PRESQUE ISLE, Maine — When Chip Hafford decided to give up alcohol, he had no clue he’d be supported by people from around the country.
Within days of posting his first segment on TikTok, his videos have gone viral. He has amassed 47,000 followers, 1.3 million “likes” and millions of viewers.
Hafford’s decision to share the deeply personal journey toward sobriety has garnered an overwhelming amount of support from strangers. He has seen comments from actors and sports celebrities. But what has most surprised him is that other people are following his example.
Hafford, 38, decided to share his videos because he was quitting alcohol for himself, he said. He woke up feeling terrible after a “bender” the night before, and realized he didn’t care what anyone thought of him. He just hoped for some support from followers and wanted to help others along the way.
The Presque Isle resident started drinking in his teens, but ramped up the alcohol when he was 21 and could legally visit bars. Drinking has been part of his adult life, and he has experienced many ups and downs over the years.
“Like many others, I have used alcohol to mask my anxiety and frustrations,” Hafford said Wednesday. “I’m at the age where I know I have to listen to the signs my body is telling me before I’ve pushed my body too far and it’s too late.”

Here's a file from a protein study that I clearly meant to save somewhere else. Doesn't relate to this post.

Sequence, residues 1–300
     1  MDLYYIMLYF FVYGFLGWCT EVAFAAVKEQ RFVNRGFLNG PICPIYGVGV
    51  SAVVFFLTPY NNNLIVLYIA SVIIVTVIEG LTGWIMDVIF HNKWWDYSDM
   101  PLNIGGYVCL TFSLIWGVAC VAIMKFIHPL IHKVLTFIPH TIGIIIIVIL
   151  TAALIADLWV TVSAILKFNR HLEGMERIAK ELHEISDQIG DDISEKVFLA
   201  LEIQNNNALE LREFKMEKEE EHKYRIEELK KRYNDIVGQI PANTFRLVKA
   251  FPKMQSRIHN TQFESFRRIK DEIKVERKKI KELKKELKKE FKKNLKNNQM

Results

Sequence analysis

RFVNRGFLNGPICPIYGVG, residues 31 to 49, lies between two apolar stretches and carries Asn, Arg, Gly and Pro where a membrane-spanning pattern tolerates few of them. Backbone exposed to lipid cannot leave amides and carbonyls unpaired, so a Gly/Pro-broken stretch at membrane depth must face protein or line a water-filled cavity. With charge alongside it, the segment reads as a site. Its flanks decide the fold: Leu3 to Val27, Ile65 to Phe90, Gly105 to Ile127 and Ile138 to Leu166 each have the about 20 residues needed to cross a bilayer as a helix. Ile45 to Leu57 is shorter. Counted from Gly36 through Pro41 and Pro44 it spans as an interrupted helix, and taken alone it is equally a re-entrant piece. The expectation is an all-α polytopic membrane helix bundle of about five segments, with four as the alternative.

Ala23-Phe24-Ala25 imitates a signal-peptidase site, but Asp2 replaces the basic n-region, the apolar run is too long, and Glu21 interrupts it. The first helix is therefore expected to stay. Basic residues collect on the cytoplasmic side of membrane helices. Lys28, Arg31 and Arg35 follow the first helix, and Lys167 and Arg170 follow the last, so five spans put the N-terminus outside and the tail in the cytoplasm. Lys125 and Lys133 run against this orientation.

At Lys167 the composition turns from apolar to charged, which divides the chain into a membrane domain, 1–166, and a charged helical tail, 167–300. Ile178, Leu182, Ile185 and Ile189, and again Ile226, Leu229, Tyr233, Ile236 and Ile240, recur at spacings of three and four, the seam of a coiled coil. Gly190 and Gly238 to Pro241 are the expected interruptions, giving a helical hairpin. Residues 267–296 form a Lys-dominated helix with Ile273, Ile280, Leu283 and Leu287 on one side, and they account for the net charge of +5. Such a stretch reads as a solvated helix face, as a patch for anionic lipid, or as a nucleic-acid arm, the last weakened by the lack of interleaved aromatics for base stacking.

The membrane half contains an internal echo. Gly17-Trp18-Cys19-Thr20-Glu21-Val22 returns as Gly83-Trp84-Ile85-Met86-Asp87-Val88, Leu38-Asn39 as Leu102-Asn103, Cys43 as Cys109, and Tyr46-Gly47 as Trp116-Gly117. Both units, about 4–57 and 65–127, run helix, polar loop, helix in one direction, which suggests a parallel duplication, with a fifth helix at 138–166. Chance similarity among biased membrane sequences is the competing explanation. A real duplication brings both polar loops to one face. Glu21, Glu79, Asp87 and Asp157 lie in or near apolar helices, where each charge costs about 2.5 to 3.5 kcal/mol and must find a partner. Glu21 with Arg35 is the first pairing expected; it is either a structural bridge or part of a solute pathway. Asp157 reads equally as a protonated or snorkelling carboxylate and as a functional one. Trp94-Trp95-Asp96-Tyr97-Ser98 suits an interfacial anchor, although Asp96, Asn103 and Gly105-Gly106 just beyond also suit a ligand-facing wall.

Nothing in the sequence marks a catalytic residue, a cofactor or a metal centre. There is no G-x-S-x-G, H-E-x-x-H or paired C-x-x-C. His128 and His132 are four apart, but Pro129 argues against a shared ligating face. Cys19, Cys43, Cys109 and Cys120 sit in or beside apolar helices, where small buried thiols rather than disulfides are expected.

He woke up one morning feeling saturated with alcohol and horrible in a way he never had before. He knew then he had to make a choice.
He made his first video about a week ago. A message asked him to do a TikTok “story time,” which means viewers find the topic interesting and want the rest of the story.
“And I was thinking to myself, why would anybody want me to do a story time about my life?,” he said in the segment. He said he knew it was time for him to quit alcohol and invited others to stay with him as he expanded his story.
That video now has nearly 212,000 views. His third video, in which he dumped a growing number of cans of beer — what he said he would have consumed on an average night — has been seen by 5.5 million people.
Now, hundreds have tagged him in videos of themselves dumping out alcohol, thanking him for the encouragement to start their own sobriety, he said. Others are sharing messages of inspiration and support, cheering him on.
“I was flooded with complete strangers with the same issues telling me their story, and I instantly realized I was helping them as much as they were helping me,” Hafford said.
Though he had tried to quit before, he said he had never done it for the right reasons. He decided to change for the better and to seek sobriety for himself, and no one else.
Knowing that others are opening up and talking about their own addictions in response to his videos is important, because admitting the problem is the first step toward recovery, Hafford said.
He finds the attention rewarding but ultimately humbling.
“It makes me feel proud to have such a great online family — a big family,” he said.